― Charlotte Brontë, Jane Eyre ― 

These Things

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“Finally brothers, whatever is true, whatever is honorable, whatever is just, whatever is pure, whatever is lovely, whatever is commendable—if there is any moral excellence and if there is any praise—dwell on these things.”

– Philippians 4:8, HCSB –

“Dwell on these things.”

Where does your mind camp out? Where do your thoughts linger?

Often, we tend to focus on the dark, the troublesome, the wrongs, the sadness, the sinful. That’s why Paul had to remind the Philippians (and through them, remind us) to think on the beautiful things.

In all ranks of life the human heart yearns for the beautiful; and the beautiful things that God makes are His gift to all alike.”

Harriet Beecher Stowe

It seemed to me that in normal everyday life, I would have to think about many things that are not lovely, that are not just. Am I to never have a thought about ISIS, about Christian persecution, about the pain of the neighbor’s divorce? We should not hide from seeing that this world is truly evil and sometimes very ugly. It is not wrong to realize it. It is not sin to feel the weight of the world even to the core of your bones.

Here, there is good news: You do not have to walk around blindfolded to the world in order to keep lifting your gaze beyond the mire. 

This is why Paul reminds us of what to dwell on. “Look at Christ!” he keeps saying in his letters. “Think about what Christ did for you!”

“Fixing our eyes on Jesus…” the author of Hebrews echoes.

This way of thinking is not denying reality–it is recognizing that reality bows it’s knee to a God who has all the world in His hand.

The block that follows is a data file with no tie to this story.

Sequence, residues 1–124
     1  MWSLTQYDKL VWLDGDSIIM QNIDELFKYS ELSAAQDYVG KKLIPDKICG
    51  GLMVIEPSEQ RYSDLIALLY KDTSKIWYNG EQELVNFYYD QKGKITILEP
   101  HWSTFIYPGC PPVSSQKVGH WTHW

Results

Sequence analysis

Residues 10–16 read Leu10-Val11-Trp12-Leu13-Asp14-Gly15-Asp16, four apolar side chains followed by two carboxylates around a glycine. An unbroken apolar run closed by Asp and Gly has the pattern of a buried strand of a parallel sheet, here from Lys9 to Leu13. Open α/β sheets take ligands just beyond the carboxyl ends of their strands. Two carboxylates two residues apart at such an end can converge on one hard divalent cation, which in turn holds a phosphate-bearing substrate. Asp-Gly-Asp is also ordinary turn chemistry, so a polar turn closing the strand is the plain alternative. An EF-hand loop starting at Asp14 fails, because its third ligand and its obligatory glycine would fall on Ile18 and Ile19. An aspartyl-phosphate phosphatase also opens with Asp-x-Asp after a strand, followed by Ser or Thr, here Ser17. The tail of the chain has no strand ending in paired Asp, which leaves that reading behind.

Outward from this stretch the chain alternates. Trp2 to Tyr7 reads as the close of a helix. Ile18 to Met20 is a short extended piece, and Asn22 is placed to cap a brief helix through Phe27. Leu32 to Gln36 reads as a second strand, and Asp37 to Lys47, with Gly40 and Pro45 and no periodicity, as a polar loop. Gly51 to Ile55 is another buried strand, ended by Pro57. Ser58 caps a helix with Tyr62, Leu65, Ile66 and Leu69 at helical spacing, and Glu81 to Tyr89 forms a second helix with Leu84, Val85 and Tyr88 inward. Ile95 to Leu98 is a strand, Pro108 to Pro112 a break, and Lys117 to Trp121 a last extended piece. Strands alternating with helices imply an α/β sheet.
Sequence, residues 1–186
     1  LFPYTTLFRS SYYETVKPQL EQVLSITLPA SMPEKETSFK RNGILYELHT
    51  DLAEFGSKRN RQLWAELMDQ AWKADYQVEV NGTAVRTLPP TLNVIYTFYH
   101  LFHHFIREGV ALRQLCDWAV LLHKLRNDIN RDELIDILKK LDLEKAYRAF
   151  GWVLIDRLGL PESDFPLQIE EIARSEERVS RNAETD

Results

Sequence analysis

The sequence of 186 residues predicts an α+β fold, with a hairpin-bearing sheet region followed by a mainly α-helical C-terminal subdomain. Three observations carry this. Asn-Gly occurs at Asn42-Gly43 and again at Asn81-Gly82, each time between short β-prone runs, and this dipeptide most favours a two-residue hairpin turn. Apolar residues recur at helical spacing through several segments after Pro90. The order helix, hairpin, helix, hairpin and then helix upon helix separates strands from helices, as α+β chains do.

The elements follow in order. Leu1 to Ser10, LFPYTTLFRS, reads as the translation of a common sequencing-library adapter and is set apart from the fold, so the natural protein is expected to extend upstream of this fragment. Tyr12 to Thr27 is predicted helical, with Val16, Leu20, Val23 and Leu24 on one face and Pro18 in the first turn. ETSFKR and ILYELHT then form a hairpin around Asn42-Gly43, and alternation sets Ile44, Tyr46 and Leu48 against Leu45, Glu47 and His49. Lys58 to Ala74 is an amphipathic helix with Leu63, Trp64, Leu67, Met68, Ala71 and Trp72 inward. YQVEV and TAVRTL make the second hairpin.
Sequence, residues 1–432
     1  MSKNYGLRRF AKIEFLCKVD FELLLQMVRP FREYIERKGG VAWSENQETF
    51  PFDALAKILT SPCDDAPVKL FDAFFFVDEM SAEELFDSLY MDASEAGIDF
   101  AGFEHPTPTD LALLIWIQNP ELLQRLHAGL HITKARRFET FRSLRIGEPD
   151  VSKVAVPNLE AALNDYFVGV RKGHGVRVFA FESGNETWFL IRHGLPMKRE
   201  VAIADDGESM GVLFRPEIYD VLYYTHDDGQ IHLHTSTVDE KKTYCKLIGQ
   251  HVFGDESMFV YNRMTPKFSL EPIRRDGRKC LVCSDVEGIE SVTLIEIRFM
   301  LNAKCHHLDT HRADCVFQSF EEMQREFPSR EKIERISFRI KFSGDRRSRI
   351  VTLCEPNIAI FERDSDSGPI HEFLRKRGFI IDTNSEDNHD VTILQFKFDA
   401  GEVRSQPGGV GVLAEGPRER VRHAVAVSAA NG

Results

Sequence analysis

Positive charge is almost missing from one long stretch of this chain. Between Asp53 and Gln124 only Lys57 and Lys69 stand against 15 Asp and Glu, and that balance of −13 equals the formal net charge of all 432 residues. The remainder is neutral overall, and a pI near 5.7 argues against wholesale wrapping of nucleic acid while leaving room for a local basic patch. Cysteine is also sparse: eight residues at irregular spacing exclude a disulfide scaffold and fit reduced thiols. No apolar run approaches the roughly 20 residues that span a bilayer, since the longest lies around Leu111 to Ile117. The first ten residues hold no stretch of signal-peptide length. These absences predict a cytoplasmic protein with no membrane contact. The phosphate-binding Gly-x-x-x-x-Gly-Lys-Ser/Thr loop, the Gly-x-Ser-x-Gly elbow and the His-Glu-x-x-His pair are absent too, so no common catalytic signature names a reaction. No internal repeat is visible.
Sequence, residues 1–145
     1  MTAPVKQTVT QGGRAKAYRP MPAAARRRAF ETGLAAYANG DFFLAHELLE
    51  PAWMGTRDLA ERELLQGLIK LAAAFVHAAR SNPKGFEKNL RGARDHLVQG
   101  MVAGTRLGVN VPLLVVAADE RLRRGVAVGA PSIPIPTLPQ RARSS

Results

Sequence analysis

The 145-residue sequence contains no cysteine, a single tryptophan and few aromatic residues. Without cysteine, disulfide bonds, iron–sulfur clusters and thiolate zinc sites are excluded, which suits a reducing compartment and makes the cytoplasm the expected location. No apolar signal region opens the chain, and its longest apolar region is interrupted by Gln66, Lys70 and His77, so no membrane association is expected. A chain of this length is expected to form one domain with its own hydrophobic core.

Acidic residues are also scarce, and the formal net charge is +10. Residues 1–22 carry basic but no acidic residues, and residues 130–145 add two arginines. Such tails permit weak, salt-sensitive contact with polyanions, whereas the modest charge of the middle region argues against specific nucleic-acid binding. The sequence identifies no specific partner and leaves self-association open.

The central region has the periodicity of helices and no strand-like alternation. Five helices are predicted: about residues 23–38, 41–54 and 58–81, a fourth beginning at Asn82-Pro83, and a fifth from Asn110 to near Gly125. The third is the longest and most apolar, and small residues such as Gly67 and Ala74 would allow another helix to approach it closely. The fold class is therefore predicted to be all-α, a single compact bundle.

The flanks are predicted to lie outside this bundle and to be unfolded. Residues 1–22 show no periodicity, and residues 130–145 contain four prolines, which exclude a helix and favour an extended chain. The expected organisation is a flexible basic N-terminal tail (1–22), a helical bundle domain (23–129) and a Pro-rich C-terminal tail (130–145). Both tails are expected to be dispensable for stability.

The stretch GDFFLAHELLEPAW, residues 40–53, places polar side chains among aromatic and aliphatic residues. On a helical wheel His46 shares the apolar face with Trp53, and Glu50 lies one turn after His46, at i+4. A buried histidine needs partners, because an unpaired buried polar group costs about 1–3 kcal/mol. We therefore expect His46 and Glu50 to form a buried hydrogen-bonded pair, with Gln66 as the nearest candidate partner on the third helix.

This is not running from the world’s need–it is being strengthened for battle.

This is not wishful thinking–this truth is “steady and sure and clear as the wind.” 

I love to think. I love to ponder the things happening around me. This is good…unless I get so lost in the gusts of the world that I start to waver.

It can overwhelm me, more quickly than I realize.

We’re human, made to relate intensely to one another. We’re logical beings, made to think deeply. We’re emotional, designed to resonate with the ups and downs of life.

Crossed with the sin-curse, these gifts mean that each of us deals with relationships straining, thoughts churning, and emotions warring. Our qualities that can abound in love, wisdom, and joy bend toward chaos. The dark outside starts to creep in.

So in the daytime, our hearts begin to tremble. In the night, terrors creep into our dreams.

What is the remedy? As Paul cries, “Who can deliver us from this body of death?”

“Rejoice in the Lord always. I will say it again: Rejoice! Let your graciousness be known to everyone. The Lord is near. Don’t worry about anything, but in everything, through prayer and petition with thanksgiving, let your requests be made known to God. And the peace of God, which surpasses every thought, will guard your hearts and minds in Christ Jesus.

Finally brothers, whatever is true, whatever is honorable, whatever is just, whatever is pure, whatever is lovely, whatever is commendable—if there is any moral excellence and if there is any praise—dwell on these things. Do what you have learned and received and heard and seen in me, and the God of peace will be with you.

 – Philippians 4:4-9, HCSB –

We are offered an otherworldly peace, a beyond-this-moment joy, an unshakeable conviction.

We are offered an Anchor for our thoughts, a Light that no dark can overwhelm.

Think on these things.


“When you wake up in the morning, you can listen to whatever your thoughts are telling you–maybe they are reminding you of something bad you did the day before, maybe they are making you scared of something you have to do tomorrow. You can listen and feel horrible.

Or you can talk back. You can remind yourself of what is true, and who you are, and who God is and what He has done.”

– from Thoughts to Make Your Heart Sing, by Sally Lloyd-Jones –